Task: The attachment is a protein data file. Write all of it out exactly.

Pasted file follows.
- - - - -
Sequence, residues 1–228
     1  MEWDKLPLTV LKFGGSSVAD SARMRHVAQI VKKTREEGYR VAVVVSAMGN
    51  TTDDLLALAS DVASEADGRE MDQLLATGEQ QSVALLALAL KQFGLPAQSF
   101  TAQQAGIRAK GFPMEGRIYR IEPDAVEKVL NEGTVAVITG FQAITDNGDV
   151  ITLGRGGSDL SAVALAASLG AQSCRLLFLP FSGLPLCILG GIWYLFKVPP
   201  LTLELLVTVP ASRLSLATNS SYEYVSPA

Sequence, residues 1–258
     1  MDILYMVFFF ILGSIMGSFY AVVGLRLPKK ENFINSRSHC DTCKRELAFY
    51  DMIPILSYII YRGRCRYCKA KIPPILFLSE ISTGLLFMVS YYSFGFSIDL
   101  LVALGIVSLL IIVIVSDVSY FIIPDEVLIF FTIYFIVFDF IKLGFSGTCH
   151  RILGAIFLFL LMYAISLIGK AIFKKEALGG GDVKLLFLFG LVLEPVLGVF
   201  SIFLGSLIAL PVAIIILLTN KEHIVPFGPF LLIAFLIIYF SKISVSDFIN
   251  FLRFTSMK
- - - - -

Sequence, residues 1–228
     1  MEWDKLPLTV LKFGGSSVAD SARMRHVAQI VKKTREEGYR VAVVVSAMGN
    51  TTDDLLALAS DVASEADGRE MDQLLATGEQ QSVALLALAL KQFGLPAQSF
   101  TAQQAGIRAK GFPMEGRIYR IEPDAVEKVL NEGTVAVITG FQAITDNGDV
   151  ITLGRGGSDL SAVALAASLG AQSCRLLFLP FSGLPLCILG GIWYLFKVPP
   201  LTLELLVTVP ASRLSLATNS SYEYVSPA

Sequence, residues 1–258
     1  MDILYMVFFF ILGSIMGSFY AVVGLRLPKK ENFINSRSHC DTCKRELAFY
    51  DMIPILSYII YRGRCRYCKA KIPPILFLSE ISTGLLFMVS YYSFGFSIDL
   101  LVALGIVSLL IIVIVSDVSY FIIPDEVLIF FTIYFIVFDF IKLGFSGTCH
   151  RILGAIFLFL LMYAISLIGK AIFKKEALGG GDVKLLFLFG LVLEPVLGVF
   201  SIFLGSLIAL PVAIIILLTN KEHIVPFGPF LLIAFLIIYF SKISVSDFIN
   251  FLRFTSMK